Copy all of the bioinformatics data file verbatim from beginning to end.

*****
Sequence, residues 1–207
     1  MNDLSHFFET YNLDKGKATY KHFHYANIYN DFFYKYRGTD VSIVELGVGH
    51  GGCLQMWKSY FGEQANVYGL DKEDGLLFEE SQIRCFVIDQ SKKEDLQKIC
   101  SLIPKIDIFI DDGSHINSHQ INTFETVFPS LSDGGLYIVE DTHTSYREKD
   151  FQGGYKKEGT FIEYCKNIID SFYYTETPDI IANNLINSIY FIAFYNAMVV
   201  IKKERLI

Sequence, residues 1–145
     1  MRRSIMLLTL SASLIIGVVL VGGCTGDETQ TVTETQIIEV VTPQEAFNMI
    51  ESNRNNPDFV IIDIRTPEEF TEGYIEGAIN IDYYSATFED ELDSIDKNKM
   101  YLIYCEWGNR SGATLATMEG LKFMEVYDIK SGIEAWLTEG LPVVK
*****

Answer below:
Sequence, residues 1–207
     1  MNDLSHFFET YNLDKGKATY KHFHYANIYN DFFYKYRGTD VSIVELGVGH
    51  GGCLQMWKSY FGEQANVYGL DKEDGLLFEE SQIRCFVIDQ SKKEDLQKIC
   101  SLIPKIDIFI DDGSHINSHQ INTFETVFPS LSDGGLYIVE DTHTSYREKD
   151  FQGGYKKEGT FIEYCKNIID SFYYTETPDI IANNLINSIY FIAFYNAMVV
   201  IKKERLI

Sequence, residues 1–145
     1  MRRSIMLLTL SASLIIGVVL VGGCTGDETQ TVTETQIIEV VTPQEAFNMI
    51  ESNRNNPDFV IIDIRTPEEF TEGYIEGAIN IDYYSATFED ELDSIDKNKM
   101  YLIYCEWGNR SGATLATMEG LKFMEVYDIK SGIEAWLTEG LPVVK